Search billions of records on

Nelson Examiner March 1862

The ship Revenscraig, of 1,000 tons burden, left Gravesend on the 29th October, 1861, and had proceeded as far as Beachy head, when she was obliged to put back to the Downs, where she was in company with about 200 sail. After three several attempts, she at last succeeded in reaching Plymouth, where she took in water, provisions, &c.; she sailed thence on the 1st December, passed Madeira on the 15th December, Cape de Verde Island on the 25th, and crossed the Line on the 5th January, 1862; passed between the Island of Tristan da Cunha on the 22nd, passed the longitude of the cape on the 31st, St Paul and Amsterdam on the 19th February, Cape Leuwin on the 21st, Van Dieman's Land on the 9th March longitude of the south end of New Zealand on the 14th, Cape Farewell on the 21st, and arrived at Nelson on the 23rd march. Altogether she had fine enjoyable weather, with generally light winds. The least distance run in any day was 23 miles, the greatest 265 miles. There was one birth, a fine boy, born off Beachy, during a gale of wind. The health of the passengers, in general, was very good, the steerage passengers were very cheerful and contented, with, as usual, one or two exceptions. It will thus be seen that she made the run from Plymouth to New Zealand in 104 days.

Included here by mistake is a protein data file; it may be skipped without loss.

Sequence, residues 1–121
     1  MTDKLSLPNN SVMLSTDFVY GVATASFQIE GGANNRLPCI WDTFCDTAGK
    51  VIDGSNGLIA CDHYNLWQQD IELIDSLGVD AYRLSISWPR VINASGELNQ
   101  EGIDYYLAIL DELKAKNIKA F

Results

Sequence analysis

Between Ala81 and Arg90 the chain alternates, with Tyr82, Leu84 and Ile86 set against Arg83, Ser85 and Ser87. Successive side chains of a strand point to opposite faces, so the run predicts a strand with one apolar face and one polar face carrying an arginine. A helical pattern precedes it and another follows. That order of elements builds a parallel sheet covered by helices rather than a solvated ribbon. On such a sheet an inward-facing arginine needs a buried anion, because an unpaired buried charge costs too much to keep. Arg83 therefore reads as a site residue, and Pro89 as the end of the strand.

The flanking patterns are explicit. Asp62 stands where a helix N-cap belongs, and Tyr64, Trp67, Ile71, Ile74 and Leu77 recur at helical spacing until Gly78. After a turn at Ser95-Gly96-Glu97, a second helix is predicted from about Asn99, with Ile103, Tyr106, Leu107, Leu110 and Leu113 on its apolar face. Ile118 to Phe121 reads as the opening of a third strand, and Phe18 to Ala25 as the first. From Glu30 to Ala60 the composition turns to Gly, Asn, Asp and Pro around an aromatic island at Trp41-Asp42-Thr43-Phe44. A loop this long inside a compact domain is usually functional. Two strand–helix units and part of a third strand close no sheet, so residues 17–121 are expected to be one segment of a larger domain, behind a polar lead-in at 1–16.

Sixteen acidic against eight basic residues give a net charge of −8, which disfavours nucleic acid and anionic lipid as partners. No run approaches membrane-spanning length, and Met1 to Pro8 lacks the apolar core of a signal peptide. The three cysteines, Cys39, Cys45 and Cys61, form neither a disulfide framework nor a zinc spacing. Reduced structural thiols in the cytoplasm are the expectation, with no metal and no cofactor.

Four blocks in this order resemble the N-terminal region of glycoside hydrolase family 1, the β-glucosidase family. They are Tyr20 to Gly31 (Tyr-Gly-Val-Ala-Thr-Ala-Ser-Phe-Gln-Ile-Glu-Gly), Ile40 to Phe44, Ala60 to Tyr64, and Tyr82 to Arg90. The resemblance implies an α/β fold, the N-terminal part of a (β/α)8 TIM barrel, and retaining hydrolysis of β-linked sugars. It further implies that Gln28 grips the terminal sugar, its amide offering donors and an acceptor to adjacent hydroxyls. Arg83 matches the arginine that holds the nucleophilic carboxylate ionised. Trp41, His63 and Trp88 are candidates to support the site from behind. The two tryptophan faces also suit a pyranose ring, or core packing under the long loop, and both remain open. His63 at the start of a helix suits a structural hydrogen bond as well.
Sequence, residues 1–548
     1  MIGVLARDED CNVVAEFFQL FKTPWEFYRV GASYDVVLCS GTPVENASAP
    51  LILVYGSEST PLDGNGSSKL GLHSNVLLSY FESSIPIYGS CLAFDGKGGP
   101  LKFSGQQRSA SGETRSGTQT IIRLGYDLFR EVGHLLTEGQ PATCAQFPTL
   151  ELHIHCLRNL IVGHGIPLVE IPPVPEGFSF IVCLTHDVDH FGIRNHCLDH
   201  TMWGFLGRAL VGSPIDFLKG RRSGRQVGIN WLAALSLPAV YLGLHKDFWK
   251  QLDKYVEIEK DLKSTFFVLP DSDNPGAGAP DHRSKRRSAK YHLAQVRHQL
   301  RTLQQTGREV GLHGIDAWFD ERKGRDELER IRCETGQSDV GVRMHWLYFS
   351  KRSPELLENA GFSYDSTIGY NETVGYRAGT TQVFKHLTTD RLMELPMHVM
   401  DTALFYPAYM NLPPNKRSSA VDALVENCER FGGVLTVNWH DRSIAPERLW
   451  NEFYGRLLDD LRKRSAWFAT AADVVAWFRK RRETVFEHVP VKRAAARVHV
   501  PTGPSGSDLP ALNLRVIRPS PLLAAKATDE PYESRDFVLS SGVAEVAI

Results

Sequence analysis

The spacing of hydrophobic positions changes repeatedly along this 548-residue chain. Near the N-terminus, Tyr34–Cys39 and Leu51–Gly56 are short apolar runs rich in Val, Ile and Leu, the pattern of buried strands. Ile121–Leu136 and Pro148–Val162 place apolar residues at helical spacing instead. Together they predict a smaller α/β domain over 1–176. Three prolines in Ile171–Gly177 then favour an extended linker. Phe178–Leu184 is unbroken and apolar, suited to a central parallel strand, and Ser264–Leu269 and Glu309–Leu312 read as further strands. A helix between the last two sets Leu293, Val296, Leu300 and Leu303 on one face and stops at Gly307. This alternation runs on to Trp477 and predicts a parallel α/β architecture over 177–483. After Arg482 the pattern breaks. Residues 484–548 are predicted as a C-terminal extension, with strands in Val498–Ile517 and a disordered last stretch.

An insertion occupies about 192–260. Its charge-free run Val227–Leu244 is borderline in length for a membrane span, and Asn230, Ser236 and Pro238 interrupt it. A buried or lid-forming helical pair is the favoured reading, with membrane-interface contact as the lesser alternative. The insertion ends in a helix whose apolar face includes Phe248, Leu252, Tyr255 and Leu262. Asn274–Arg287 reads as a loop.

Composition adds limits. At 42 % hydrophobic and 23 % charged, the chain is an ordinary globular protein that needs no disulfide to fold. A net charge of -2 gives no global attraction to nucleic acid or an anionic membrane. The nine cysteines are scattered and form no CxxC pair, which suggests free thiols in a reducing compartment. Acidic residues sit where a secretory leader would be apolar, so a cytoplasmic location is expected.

Nelson Examiner April 2nd 1862

We, the undersigned Passengers by the ship Revenscraig, from London, have seen the evidence of several of the passengers given in court before the Resident Magistrate in Nelson, where they say that the Captain was in a state of intoxication on the morning of the 1st day of january. We here give our untied testimony to his strict sobriety and attention to his duties throughout the whole voyage, and to his kindness towards the passengers generally, and his anxious desire to make then all as comfortable as he possibly could; and we consider the charges made against the Captain unjust and unfounded.

W Dickinson,               cabin passenger
T Hirst                                     do
Miss W Jay                             do
Miss Kingdom                        do
Mr & Mrs Bomford               do
James Robinson Elizabeth McConochie
John Overhand Thomas N McConochie
Samuel Huggart Charles Price
Joseph Sherratt Mary Price
Emma Sherratt Mrs Murphy
Jesse Humphrey Arthur Miller
Jesse Humphrey Agnes Miller
Mrs Humphrey Sarah Hambeton
Margaret Humphrey Ann Harse
Thomas Reace Mary Oregan
Frances Kogan Manse Leary
Mary Kogan John Kogan
Mary Ann Dayman

Several more of the passengers, who expressed their anxiety to sign the above document, have been prevented from so doing in consequence of their absence from town.